Chainsaw Bogs Down When Cutting? Here’s How To Solve & Why It’s Bogging Down

Published Categorized as Chainsaw Runs Slow Bogs Down, Chainsaw Troubleshooting

A bogged-down chainsaw is likely one of the most common issues you will come across when working with a chainsaw. This will instantly put a delay on any woodworking projects you’re currently working on. There are several different factors that can cause this issue, but luckily it’s usually an easy enough fix.

The most common causes of a chainsaw bogging down include having an incorrect fuel mixture, dirty carburetor, clogged air filter, or a dirty fuel filter or fuel lines.

A combustion system relies on a perfect mixture of gas, oil, and air. If this is not being fed to the chainsaw in the proper ratio, you must find the source of the issue and you can easily fix it. This article will provide you with detailed information on these causes of a chainsaw bogging down, and what to do to fix the problem!

Table of Contents

Chainsaw Bogs Down

3 Most Common Causes of a Bogged Down Chainsaw

Several potential causes may lead to a chainsaw bogs down at full throttle. Most of them are a result of the combustion engine’s inability to access either air or fuel. If the chainsaw isn’t able to get enough of either, then this can cause the chainsaw to stall. The three most common causes of a chainsaw bogging down:

  • Clogged air filter
  • Incorrect fuel mixture
  • Carburetor problems

Let’s take a look at each in more detail!

Clogged Air Filter

Many chainsaw operators first notice a problem with chainsaws bogging down when they’re using the chainsaw under load because the chainsaw chain stops under load. This is usually the result of poor air circulation which is caused by a clogged air filter on the chainsaw.

Before you adjust the high-speed screw for the carburetor adjustment, it’s important to clean the air filter and the spark arrestor. If either of these is dirty, it can cause the chainsaw bog down, and cleaning may solve the problem.

How to Fix a Clogged Air Filter

To fix, or clean, a clogged air filter on your chainsaw you will first need to remove the air filter from the chainsaw. If you aren’t sure where the air filter is located, be sure to check your chainsaw’s operating manual or contact your manufacturer.

In general, you will need to remove the top cover of the chainsaw and remove the spark plug boot for safety precautions. Now, the air filter should be visible and you will be able to remove it from its housing with the aid of a screwdriver.

With the air filter removed, wash it in soapy water until the air filter comes completely clean. The air filter can also be scrubbed with a soft brush, if necessary, to remove any particulates that are clinging to the edges. If the air filter still looks dirty even after washing it, then this is a clear indication that the air filter needs to be replaced.

The next step is to remove the spark arrestor, which is a small screen located behind the muffler cover on the chainsaw. The spark arrestor can then also be scrubbed gently with a wire brush to remove any corrosion or debris until it’s clean.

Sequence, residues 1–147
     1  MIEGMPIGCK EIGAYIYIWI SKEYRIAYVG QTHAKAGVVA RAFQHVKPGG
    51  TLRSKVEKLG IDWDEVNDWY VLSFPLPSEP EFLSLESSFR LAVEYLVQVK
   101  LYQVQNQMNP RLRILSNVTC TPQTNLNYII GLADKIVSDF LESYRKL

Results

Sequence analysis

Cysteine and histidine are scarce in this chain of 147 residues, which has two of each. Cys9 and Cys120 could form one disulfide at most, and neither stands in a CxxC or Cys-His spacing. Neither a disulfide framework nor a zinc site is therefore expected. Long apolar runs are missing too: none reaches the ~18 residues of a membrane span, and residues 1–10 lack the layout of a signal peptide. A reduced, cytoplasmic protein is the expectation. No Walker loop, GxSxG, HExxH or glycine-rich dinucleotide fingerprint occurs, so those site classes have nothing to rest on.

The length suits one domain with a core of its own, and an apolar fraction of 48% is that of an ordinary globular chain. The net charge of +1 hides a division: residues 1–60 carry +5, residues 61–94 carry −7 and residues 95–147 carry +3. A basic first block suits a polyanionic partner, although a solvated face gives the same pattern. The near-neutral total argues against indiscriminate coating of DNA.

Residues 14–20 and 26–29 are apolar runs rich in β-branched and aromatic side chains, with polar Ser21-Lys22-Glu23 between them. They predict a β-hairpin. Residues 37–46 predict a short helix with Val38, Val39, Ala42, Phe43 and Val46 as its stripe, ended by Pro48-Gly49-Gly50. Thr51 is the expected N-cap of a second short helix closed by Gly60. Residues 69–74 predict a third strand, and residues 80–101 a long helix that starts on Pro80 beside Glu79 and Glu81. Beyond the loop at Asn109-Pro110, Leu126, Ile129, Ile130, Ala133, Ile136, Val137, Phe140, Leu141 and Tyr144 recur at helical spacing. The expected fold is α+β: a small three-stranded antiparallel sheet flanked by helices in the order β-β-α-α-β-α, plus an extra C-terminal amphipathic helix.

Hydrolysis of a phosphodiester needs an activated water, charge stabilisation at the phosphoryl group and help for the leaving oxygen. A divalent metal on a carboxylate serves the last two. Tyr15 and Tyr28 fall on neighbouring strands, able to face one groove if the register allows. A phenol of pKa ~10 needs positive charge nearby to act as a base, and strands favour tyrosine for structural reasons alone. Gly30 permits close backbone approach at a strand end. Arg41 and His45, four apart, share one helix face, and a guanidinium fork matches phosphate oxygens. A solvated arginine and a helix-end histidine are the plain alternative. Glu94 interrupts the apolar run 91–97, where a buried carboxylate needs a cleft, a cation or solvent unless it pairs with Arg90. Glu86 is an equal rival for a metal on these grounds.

As already mentioned, but to reiterate its importance, if you’re trying to troubleshoot a chainsaw bogging down, it’s always a good idea to check the air filter and clean it if necessary before you start messing with the fuel adjustment screws on the carburetor. Many chainsaw manuals and manufacturers will discourage adjusting the carburetor.

Incorrect Fuel Mixture

If your chainsaw bogs down at full throttle, this is more often than not a sign of an improper gas-to-oil ratio, otherwise referred to as an incorrect fuel mixture. If there is too much gasoline in relation to the amount of oil used, this is referred to as a “rich mixture” and can cause the chainsaw to not only run poorly but also bog down.

How to Fix Incorrect Fuel Mixture

So how do you determine the correct mixture of fuel for your chainsaw? You should be able to find the answer to this question in your operator’s manual. Here, the appropriate ratio of gas to oil you should be using for your chainsaw will be specified. If you cannot locate your manual, or the information, I recommend contacting your chainsaw manufacturer directly.

Most chainsaws operate on one the following gas-to-oil ratios:

  • 30:1
  • 40:1
  • 50:1

If you’ve already filled your chainsaw up with an improper mixture of fuel, you will first need to siphon the fuel out before you can replace it with the correct ratio mixture.

The best gasoline for a chainsaw is mid-grade gasoline which has an octane rating of at least 89. When making a fuel mix for a chainsaw, be sure to mix the gasoline into the oil, and not the other way around). Something similar to this mixing bottle would be of great help for this process:

Carburetor Problems

Carburetor problems are very common for chainsaws bogging down. The carburetor is the part of the chainsaw’s engine which is designed to regulate the amount of fuel in the cylinder and is generally preset at the factory to accomplish the task.

If, or when, the carburetor becomes clogged with debris, it will prevent the right amount of air from moving through the carburetor to keep the chainsaw’s engine running.

Some other symptoms that you might run into that imply you have a clogged carburetor along with the chainsaw bogging down, include things like chainsaw smoking when cutting or chainsaw overheating.

How to Fix Carburetor Problems

If you run into a carburetor issue that causes the chainsaw to overheat as well as the chainsaw bogs down, you should seek to repair the chainsaw immediately to prevent permanent damage to the engine components.